Thought leadership. threat analysis, news and alerts.
Mirai Malware Variants Increasingly Targeting Enterprise IoT Devices
Malware variants that evolved from the original Mirai malware are increasingly targeting enterprise IoT devices, putting at risk enterprise networks from being exploited for nefarious activities such as distributed denial-of-service (DDoS) attacks and illicit cryptocurrency mining, as well as putting at risk enterprise cloud architecture from additional malware and further compromise.
Tracking the Mirai
The original Mirai malware was created by Paras Jha, Josiah White and Dalton Norman. The 3 creators of the Mirai malware in due course were arrested and sentenced by U.S. authorities. Prior to their arrest and sentencing, the source code of the Mirai malware was publicly released. The publication of the source code propelled the creation of multiple versions of Mirai to propagate in the wild.
Mirai was first observed in the wild in 2016. The Mirai malware gained notoriety when the malware was used by the still unidentified attacker or attackers in launching a distributed denial-of-service (DDoS) attack on Dyn DNS, amajor dynamic DNS provider, which resulted in the widespread internet outages across the U.S. and Europe2016.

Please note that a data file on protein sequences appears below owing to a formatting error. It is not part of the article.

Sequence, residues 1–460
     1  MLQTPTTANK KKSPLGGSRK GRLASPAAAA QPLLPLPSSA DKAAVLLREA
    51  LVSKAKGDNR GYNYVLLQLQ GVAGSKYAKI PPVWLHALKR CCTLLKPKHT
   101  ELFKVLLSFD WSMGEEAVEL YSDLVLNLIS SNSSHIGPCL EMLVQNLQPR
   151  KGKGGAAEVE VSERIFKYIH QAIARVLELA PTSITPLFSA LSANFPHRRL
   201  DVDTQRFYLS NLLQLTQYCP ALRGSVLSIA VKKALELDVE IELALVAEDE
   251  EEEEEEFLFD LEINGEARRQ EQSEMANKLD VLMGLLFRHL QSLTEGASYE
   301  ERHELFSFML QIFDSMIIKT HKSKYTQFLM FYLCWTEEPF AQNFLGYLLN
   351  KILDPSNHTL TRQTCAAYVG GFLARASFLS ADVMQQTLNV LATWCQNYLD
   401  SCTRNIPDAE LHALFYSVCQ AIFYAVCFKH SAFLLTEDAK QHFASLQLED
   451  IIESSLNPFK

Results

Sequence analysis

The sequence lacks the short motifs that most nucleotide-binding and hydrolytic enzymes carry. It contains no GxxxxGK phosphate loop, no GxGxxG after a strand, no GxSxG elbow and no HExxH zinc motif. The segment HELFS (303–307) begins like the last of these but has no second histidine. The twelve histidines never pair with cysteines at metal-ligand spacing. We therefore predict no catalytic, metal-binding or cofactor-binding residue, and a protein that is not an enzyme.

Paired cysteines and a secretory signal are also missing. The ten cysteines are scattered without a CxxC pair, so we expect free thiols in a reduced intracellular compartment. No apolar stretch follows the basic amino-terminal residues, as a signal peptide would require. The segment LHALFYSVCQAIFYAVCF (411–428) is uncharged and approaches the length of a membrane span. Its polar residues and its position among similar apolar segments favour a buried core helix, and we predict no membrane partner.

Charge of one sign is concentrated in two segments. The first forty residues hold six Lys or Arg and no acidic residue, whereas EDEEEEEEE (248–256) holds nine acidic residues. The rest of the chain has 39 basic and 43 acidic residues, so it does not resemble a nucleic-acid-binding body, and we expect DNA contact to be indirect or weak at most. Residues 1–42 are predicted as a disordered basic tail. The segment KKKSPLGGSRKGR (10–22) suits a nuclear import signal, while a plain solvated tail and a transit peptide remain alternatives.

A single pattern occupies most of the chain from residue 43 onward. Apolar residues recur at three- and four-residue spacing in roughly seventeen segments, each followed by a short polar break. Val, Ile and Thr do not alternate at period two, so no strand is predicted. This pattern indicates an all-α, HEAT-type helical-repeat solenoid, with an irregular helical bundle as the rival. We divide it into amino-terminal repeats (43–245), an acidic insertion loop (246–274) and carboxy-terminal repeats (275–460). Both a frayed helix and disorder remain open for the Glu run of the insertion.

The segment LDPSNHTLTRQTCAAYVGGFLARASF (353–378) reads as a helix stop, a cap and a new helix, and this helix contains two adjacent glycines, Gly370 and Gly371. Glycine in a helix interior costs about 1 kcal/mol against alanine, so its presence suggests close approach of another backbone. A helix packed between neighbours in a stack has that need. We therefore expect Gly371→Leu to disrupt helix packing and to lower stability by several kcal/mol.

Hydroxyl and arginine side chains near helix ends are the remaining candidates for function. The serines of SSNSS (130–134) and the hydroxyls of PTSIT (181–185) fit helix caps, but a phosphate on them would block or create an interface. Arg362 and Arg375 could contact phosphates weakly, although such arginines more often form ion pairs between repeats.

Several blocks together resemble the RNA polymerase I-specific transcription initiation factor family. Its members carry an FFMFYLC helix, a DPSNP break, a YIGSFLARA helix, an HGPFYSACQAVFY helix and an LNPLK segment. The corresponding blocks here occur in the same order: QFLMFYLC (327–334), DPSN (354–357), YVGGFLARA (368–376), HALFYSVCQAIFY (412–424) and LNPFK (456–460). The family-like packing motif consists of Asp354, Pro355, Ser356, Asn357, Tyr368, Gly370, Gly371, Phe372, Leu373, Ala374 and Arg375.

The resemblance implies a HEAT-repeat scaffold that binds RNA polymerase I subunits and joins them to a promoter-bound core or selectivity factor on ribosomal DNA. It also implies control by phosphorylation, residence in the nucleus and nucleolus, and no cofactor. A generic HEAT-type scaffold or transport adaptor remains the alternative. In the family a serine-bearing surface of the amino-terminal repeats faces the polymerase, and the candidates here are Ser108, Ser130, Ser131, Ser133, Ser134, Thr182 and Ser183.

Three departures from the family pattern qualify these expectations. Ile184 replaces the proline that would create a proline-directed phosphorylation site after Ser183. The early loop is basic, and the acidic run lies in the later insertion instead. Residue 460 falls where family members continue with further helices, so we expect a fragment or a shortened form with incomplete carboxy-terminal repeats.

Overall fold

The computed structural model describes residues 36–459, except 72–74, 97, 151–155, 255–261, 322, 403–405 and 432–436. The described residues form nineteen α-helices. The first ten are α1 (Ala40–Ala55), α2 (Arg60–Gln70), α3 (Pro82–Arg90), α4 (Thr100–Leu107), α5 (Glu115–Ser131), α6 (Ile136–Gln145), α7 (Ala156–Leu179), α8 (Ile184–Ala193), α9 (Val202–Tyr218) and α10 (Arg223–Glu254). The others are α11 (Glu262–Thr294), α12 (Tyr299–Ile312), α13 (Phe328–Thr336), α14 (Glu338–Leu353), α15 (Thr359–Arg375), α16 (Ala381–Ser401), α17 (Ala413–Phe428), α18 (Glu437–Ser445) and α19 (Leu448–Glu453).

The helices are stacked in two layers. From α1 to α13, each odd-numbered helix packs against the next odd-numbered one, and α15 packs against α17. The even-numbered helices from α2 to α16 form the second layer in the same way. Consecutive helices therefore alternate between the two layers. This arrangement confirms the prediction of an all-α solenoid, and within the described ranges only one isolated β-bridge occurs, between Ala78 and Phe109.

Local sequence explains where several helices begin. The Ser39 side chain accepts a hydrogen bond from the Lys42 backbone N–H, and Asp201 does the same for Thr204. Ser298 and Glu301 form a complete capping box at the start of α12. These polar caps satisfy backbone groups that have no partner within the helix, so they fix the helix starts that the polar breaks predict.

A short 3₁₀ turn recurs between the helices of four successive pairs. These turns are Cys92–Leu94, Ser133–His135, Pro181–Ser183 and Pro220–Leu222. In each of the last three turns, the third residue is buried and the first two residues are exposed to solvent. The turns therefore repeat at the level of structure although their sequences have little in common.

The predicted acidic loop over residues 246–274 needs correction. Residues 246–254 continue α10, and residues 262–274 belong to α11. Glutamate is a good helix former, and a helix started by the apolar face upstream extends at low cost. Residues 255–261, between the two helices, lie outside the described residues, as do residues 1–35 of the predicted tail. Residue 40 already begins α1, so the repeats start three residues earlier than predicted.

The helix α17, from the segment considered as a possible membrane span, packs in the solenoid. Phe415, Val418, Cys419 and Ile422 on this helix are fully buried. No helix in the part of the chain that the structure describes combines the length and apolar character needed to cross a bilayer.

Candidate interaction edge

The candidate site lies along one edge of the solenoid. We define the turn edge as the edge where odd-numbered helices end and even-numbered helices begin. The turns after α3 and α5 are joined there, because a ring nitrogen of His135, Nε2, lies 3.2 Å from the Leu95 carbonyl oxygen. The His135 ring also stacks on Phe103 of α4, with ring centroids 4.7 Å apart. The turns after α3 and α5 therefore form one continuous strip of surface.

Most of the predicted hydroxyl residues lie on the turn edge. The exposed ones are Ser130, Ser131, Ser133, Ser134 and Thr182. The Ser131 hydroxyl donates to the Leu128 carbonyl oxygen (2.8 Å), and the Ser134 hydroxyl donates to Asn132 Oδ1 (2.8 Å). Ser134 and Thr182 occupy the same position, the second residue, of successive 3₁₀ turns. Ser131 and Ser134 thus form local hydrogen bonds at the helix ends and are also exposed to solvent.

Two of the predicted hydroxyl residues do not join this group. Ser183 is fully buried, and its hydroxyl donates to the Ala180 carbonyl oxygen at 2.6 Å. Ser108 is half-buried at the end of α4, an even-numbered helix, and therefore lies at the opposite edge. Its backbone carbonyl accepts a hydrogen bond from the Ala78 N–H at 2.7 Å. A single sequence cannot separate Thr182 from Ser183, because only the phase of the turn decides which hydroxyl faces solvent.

According to the IBM X-Force researchers, since 2016, there have been 63 Mirai variants observed in the wild. The researchers said that the multiple variants of Mirai have been used to perform nefarious activities such as DDoS attacks and illicit cryptocurrency mining.
In a DDoS attack, attackers overwhelm a target, such as a website or in the case of Dyn DNS, adynamic DNS provider, with voluminous traffic, bringing the target offline and rendering it inaccessible to legitimate users. Illicit cryptocurrency mining, meanwhile, refers to the use of the computing power without the knowledge and consent of the computer owner.